Social Security Disability Eligibility
Eligibility for Social Security Disability benefits is based on several factors. Individuals who may be eligible include a family’s primary wage earner, a worker’s dependent widow, widower, or a child under age 18 with disabilities.
When you are seeking Social Security Disability benefits, your disease or condition, first of all, must meet the Social Security Administration’s (SSA) definition of disability. As a guide in determining qualifying disabilities, Social Security claims representatives and administrative law judges refer to the SSA manual, Listing Impairments, which contains all diseases and resulting impairments’ criteria that meet SSA requirements for disability benefit.
If your health problem meets SSA requirements, it must also be one that has lasted or is expected to last 12 months, or until death, and is severe enough to prevent you from performing your former job or any other type of gainful employment.
Additionally, you must be insured under the Social Security Administration (SSA) FICA insurance program. When you pay FICA taxes, you are, in essence paying your FICA disability insurance premium. As you pay into the system you accumulate credits (one credit for each quarter of the year). Generally, you are covered for disability benefits, after you have paid FICA taxes for ten years, and have earned 40 credits (4 credits per year.) However, age is another eligibility factor that comes into play; the number of work credits needed to qualify for SSDI depends on the age at disability onset. Disabled individuals who have not worked long enough to accumulate 40 credits may qualify, based on a lesser amount of credits.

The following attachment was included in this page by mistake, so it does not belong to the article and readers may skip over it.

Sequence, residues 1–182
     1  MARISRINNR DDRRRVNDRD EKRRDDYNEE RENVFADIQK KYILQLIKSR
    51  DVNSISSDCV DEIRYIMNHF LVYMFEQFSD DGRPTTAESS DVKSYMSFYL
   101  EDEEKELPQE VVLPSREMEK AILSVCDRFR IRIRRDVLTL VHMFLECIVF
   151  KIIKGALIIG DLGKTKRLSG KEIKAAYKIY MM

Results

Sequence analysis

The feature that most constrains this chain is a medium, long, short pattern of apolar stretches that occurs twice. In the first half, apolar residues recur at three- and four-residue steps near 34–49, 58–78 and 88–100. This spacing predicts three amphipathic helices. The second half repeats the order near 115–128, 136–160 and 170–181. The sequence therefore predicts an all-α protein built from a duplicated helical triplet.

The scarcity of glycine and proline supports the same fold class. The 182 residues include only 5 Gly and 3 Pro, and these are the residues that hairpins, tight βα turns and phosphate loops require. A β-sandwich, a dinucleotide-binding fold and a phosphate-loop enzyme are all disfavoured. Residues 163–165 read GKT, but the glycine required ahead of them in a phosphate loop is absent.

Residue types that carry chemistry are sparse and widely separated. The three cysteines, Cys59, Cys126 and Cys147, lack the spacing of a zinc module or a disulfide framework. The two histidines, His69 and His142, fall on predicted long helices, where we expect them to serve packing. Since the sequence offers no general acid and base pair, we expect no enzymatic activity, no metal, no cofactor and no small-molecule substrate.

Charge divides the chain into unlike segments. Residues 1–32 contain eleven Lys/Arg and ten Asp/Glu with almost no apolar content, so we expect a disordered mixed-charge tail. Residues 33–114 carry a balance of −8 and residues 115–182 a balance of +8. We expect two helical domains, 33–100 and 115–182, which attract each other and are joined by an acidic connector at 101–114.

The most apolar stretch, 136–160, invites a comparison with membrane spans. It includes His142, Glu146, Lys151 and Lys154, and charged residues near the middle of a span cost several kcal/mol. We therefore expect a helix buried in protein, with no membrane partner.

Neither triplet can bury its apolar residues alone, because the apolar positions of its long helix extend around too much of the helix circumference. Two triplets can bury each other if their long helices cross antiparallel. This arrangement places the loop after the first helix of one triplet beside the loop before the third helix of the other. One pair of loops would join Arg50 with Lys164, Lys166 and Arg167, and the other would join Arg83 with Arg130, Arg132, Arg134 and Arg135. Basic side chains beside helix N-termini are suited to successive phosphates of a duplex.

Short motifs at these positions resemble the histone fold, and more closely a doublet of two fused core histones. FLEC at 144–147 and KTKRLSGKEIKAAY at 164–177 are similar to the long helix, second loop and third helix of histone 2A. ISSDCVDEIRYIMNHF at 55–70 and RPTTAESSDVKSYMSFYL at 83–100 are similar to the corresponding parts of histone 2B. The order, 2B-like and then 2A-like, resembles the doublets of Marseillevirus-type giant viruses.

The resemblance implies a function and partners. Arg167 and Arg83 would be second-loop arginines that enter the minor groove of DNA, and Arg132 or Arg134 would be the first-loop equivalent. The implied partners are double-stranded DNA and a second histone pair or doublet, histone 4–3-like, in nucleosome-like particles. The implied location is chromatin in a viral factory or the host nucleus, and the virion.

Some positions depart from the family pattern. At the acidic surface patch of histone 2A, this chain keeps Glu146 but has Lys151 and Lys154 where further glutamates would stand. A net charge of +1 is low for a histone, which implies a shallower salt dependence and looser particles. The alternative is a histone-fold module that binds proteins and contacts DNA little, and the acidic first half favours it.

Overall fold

Once you have stopped working, you have a 5-year grace period, in which you are still eligible for monthly disability payments. If the onset of your disability occurs more than five years after your last insured day, you will not qualify for disability benefits.
Has Your Claim Been Denied?
If you have filed a claim for Social Security Disability and have received a denial letter, call Bailey & Galyen at 855-866-6484, to learn how he can help you present a successful appeal for benefits.